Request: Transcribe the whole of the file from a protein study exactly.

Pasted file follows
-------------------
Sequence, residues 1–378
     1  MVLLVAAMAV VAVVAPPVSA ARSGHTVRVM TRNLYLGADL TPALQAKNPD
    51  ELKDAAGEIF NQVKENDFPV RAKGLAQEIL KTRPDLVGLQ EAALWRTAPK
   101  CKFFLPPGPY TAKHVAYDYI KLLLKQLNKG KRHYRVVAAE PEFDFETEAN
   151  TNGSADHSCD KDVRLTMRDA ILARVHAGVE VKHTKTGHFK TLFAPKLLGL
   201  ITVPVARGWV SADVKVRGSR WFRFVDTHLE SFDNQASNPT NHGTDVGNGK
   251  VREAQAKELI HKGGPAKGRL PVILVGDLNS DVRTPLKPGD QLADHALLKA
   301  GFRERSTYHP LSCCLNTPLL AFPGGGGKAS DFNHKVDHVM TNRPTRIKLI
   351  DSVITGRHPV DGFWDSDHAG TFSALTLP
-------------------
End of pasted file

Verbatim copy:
Sequence, residues 1–378
     1  MVLLVAAMAV VAVVAPPVSA ARSGHTVRVM TRNLYLGADL TPALQAKNPD
    51  ELKDAAGEIF NQVKENDFPV RAKGLAQEIL KTRPDLVGLQ EAALWRTAPK
   101  CKFFLPPGPY TAKHVAYDYI KLLLKQLNKG KRHYRVVAAE PEFDFETEAN
   151  TNGSADHSCD KDVRLTMRDA ILARVHAGVE VKHTKTGHFK TLFAPKLLGL
   201  ITVPVARGWV SADVKVRGSR WFRFVDTHLE SFDNQASNPT NHGTDVGNGK
   251  VREAQAKELI HKGGPAKGRL PVILVGDLNS DVRTPLKPGD QLADHALLKA
   301  GFRERSTYHP LSCCLNTPLL AFPGGGGKAS DFNHKVDHVM TNRPTRIKLI
   351  DSVITGRHPV DGFWDSDHAG TFSALTLP